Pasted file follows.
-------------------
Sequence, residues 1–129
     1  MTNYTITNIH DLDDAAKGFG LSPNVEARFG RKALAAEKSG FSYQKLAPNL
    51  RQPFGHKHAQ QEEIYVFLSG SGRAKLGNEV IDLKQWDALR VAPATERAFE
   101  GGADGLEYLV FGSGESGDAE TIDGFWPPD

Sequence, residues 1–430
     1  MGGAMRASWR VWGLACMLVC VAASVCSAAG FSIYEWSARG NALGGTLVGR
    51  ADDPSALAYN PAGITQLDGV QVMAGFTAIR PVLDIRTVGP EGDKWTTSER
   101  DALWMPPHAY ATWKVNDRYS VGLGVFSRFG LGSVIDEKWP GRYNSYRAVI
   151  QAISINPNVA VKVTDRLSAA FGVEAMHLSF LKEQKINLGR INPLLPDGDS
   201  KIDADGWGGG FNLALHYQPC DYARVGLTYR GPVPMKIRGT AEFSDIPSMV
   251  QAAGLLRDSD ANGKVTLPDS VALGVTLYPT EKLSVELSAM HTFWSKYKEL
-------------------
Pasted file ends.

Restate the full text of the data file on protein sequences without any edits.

Sequence, residues 1–129
     1  MTNYTITNIH DLDDAAKGFG LSPNVEARFG RKALAAEKSG FSYQKLAPNL
    51  RQPFGHKHAQ QEEIYVFLSG SGRAKLGNEV IDLKQWDALR VAPATERAFE
   101  GGADGLEYLV FGSGESGDAE TIDGFWPPD

Sequence, residues 1–430
     1  MGGAMRASWR VWGLACMLVC VAASVCSAAG FSIYEWSARG NALGGTLVGR
    51  ADDPSALAYN PAGITQLDGV QVMAGFTAIR PVLDIRTVGP EGDKWTTSER
   101  DALWMPPHAY ATWKVNDRYS VGLGVFSRFG LGSVIDEKWP GRYNSYRAVI
   151  QAISINPNVA VKVTDRLSAA FGVEAMHLSF LKEQKINLGR INPLLPDGDS
   201  KIDADGWGGG FNLALHYQPC DYARVGLTYR GPVPMKIRGT AEFSDIPSMV
   251  QAAGLLRDSD ANGKVTLPDS VALGVTLYPT EKLSVELSAM HTFWSKYKEL